Anxiety and the Nervous System
The virtue associated with it is wisdom and the way to think about wisdom would be trusting or acting in the face of fear. When you’re in that deep place of unknown, of mystery, of potential fear, because you’re in the darkness, that’s when we have to trust the flow of life. We have to trust that life is taking us where it wants us or needs us to go and water is very primal. It’s related much more to our hindbrain, which is part of why it gives rise to these instincts and we’ll talk about the nervous system a little bit more in just a second here. But it’s primal in that sense of, we all share this innate ability to stay alive, to want to stay alive. We will fight and do whatever we have to at any cost to stay alive, that survival instinct exists amongst all the species, all the beings, all the entities on the planet, whether you’re a plant, an insect, a human doesn’t matter, we all have that. We all share that really deep kind of survival; it’s survival, but it’s all this instinct is there. It’s also this impulse to want to evolve. Let’s talk about the nervous system then.
If you’re new to me and how I relate to and talk about Chinese medicine you’ll know that there’s never a one to one correlation between Western systems and Eastern systems and that’s very important to remember, and it’s important that we honour the Western system for all of its beauty and its wisdom and we honor the Eastern system for all of its beauty and all of its wisdom. Of course, over the years we’ve started to understand where there might be overlap, where there might be sort of synergy amongst how the sort of themes of the five elements or the themes of the organ systems show up in relationship to the themes and the systems of the in the Western medical system. The nervous system is heavily related to the water element. It’s not the only one, but it’s very related to it and in the case of anxiety, which is of course the purpose of this video, we need to get deeper into the nervous system. You’ll remember from the five element piece that we just did, that there are two components to the nervous system. We have the central nervous system, which is our brain and our spinal cord and then we have our peripheral nervous system and the peripheral nervous system is all the nerves that supply the body. So they come out from the brain and the spinal column and they supply the body with nerve impulses; they don’t actually supply that, but they are like a conduit for that back and forth of information going to the brain and the spine.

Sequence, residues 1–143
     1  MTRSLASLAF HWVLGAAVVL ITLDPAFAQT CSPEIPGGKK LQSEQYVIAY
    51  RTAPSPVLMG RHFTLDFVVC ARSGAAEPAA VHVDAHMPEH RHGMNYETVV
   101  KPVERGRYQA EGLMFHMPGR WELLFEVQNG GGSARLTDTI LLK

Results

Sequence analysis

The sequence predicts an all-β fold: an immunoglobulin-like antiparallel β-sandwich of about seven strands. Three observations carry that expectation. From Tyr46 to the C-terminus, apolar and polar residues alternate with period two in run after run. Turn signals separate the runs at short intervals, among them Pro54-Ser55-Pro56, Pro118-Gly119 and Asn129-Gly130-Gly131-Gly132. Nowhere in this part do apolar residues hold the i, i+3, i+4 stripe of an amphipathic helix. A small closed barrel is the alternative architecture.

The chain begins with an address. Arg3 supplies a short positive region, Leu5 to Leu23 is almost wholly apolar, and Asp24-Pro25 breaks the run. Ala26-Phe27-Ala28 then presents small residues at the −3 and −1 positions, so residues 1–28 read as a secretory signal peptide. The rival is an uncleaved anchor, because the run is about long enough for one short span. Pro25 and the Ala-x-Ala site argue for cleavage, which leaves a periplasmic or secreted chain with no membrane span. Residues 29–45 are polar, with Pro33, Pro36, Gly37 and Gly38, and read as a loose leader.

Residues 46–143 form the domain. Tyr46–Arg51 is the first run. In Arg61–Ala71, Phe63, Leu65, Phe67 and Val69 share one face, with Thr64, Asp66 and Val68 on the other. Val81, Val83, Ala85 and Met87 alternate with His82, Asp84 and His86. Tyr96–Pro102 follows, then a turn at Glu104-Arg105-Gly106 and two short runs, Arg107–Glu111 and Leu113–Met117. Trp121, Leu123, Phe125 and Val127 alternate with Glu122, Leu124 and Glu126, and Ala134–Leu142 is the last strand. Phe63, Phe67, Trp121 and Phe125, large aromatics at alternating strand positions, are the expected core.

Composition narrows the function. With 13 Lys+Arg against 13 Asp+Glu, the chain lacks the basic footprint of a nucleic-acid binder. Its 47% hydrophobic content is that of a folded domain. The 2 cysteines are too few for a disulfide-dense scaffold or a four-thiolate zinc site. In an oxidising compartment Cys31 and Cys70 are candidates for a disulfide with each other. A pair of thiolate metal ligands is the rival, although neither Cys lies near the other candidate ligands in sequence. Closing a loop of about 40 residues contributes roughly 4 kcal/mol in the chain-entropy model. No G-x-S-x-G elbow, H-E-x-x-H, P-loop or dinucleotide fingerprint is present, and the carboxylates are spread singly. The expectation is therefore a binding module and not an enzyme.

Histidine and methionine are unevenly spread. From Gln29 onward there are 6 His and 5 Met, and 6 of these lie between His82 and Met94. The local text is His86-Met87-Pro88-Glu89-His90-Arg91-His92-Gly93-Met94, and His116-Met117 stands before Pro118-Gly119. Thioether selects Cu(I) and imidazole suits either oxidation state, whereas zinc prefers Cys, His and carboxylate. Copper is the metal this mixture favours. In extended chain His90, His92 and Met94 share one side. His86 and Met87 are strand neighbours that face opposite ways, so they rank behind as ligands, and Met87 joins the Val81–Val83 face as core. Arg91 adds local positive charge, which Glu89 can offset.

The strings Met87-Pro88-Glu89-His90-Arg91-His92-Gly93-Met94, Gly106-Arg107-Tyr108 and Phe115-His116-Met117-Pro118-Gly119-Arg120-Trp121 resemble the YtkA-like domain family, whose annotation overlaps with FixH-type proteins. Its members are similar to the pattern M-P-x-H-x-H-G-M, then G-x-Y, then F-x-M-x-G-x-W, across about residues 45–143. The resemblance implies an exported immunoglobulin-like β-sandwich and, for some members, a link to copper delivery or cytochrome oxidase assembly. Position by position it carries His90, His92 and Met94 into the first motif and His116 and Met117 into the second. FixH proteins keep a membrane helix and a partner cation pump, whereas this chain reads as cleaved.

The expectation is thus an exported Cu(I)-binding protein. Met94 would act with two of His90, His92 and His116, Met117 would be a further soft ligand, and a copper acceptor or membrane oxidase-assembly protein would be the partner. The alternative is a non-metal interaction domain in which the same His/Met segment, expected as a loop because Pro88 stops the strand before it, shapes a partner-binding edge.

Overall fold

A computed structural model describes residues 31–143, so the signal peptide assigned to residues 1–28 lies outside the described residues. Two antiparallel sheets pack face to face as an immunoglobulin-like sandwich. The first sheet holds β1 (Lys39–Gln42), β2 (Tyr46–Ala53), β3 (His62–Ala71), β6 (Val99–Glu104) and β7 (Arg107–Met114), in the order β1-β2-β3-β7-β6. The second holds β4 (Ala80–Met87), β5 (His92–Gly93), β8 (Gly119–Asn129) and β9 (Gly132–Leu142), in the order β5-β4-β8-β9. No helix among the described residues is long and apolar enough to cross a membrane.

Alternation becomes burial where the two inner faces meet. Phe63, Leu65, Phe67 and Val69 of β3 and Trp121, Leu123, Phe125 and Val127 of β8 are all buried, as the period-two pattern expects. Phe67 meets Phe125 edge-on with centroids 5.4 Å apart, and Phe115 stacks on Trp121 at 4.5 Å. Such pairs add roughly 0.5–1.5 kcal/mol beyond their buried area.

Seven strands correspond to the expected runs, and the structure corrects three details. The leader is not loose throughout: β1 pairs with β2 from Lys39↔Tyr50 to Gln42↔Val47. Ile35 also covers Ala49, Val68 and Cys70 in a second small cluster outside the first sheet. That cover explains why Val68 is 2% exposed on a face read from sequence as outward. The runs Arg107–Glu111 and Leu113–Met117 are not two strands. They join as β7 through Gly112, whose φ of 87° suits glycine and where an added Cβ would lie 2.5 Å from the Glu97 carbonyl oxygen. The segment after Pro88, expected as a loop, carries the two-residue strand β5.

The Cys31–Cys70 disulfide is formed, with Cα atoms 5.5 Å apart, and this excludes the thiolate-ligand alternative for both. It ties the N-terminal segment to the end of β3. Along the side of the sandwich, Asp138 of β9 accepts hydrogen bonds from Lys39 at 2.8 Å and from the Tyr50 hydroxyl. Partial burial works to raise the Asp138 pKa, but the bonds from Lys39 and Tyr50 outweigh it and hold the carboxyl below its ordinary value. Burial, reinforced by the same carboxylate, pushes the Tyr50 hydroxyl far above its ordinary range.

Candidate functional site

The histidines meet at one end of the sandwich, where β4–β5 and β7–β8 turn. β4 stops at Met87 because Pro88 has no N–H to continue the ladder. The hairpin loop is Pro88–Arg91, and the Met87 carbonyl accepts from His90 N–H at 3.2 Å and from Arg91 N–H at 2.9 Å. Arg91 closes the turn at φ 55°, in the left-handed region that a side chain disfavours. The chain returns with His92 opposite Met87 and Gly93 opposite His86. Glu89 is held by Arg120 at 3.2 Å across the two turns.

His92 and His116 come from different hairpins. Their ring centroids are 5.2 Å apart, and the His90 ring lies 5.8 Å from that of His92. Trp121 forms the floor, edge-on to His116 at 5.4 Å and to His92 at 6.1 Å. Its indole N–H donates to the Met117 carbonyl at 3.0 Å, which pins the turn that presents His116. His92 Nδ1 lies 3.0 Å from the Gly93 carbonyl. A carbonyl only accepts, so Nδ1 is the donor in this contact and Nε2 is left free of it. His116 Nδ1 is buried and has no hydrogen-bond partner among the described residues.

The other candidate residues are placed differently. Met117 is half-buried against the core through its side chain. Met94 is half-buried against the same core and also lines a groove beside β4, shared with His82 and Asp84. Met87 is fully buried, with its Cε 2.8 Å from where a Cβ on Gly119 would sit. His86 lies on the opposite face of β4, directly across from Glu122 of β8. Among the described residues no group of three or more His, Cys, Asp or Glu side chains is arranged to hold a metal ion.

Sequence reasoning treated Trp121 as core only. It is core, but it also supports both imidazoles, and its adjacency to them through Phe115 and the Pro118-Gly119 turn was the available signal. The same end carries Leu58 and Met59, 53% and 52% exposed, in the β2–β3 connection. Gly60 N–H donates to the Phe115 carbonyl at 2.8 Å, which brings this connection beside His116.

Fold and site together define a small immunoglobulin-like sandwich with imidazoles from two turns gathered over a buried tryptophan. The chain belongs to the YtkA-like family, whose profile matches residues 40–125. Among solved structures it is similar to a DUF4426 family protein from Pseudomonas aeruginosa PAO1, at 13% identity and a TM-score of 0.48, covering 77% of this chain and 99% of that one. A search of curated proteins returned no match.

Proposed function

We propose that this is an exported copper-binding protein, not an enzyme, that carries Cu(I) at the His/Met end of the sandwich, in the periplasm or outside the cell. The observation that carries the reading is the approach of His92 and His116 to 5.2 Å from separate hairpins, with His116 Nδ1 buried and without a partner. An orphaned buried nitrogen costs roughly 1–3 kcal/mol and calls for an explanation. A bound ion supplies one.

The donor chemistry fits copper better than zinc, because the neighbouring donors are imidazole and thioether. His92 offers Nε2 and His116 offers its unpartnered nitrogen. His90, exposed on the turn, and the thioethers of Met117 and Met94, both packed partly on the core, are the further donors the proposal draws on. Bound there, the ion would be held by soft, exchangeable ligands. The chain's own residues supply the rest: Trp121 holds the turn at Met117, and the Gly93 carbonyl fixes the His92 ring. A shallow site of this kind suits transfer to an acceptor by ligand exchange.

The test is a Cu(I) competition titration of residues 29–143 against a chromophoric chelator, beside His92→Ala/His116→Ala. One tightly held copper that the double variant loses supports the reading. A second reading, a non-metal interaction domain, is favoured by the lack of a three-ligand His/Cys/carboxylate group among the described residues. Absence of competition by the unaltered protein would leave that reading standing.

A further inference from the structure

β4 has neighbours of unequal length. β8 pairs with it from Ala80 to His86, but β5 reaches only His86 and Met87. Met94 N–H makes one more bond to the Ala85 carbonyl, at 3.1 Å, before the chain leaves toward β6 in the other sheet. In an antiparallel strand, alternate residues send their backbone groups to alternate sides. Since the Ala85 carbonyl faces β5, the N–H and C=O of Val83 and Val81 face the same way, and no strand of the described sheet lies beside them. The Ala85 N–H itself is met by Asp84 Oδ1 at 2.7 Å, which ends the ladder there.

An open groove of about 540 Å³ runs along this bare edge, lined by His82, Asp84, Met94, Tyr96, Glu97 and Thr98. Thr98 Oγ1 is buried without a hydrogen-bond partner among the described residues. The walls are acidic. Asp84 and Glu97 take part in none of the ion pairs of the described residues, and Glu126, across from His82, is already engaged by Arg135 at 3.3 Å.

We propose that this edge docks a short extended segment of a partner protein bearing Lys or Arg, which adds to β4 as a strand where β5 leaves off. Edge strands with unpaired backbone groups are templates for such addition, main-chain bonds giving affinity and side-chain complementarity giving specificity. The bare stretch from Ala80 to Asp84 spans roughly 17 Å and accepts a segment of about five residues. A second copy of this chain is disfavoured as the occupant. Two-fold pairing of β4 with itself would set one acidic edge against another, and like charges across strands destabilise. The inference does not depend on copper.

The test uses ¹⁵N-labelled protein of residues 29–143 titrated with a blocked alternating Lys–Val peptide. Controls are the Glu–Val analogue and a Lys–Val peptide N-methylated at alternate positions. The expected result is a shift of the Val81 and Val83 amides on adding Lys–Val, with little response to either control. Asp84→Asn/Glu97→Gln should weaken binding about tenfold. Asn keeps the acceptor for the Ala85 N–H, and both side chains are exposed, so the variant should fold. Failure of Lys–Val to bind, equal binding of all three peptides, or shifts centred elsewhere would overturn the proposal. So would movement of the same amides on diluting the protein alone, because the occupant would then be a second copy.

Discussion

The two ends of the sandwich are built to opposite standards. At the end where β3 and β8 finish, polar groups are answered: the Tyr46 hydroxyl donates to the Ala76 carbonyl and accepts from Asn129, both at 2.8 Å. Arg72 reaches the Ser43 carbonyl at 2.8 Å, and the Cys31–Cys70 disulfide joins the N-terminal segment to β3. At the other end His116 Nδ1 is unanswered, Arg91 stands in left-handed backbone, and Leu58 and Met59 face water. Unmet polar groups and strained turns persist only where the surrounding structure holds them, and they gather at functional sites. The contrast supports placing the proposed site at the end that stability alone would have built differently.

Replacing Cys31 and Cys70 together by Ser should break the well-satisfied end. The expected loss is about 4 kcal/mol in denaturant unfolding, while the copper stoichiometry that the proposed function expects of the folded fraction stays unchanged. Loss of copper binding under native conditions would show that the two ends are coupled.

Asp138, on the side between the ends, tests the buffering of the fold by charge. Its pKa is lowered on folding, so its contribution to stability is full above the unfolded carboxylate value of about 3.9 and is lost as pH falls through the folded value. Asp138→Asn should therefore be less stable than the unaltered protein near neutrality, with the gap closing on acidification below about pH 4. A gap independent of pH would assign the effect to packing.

Then from this peripheral nervous system we have the somatic and the autonomic and so the somatic stuff is what is under our voluntary control. I can very clearly tell my hand to come and cup my face. I know I’m telling my body to do this so everything’s being recruited the muscles and the neurons, and the information is all telling me I can do this. Autonomic nervous system is all of those things that are not within our conscious control, they’re automatic, blood pressure, immune system, respiration rate, heart rate. all of the things that we don’t need to think about. There’s a big association then with water and all of those autonomic processes because again, it’s all about the hindbrain and those responses from the hindbrain. Then further to the peripheral nervous system, we have a sympathetic and parasympathetic, and this is a lot to do with our stress response and the sympathetic is when we are in danger and we need to get the hell out of somewhere. It will kick up into high gear. It’s putting the gas on the pedal. It’s activating and basically mobilizing muscles, blood, it’s doing everything; activating your heart rate, it’s doing everything it can to get you that F out of the situation so that you can survive because again, that’s the whole point is to survive and evolve and grow.
The parasympathetic is what happens when we’re not in sympathetic and we’re not meant to be in sympathetic for long periods of time. Sympathetic is rest digest, heal. It’s that space when you’re just chilling out and you’re not in any kind of threatening situation, really important to be there because healing, digesting and resting are incredibly important. There’s also another piece, I guess we can bring this in now. These responses with the sympathetic and the parasympathetic are typically fight, flight or freeze. We talked a little bit more about the freeze response in the kidney video, because again, no hard fast rules, but the kidneys have more of a tendency to maybe go into a freeze response if they’re the ones that are being affected and the urinary bladder is more of the fight or the flight actually is a big one. Flight is a really big one with the urinary bladder.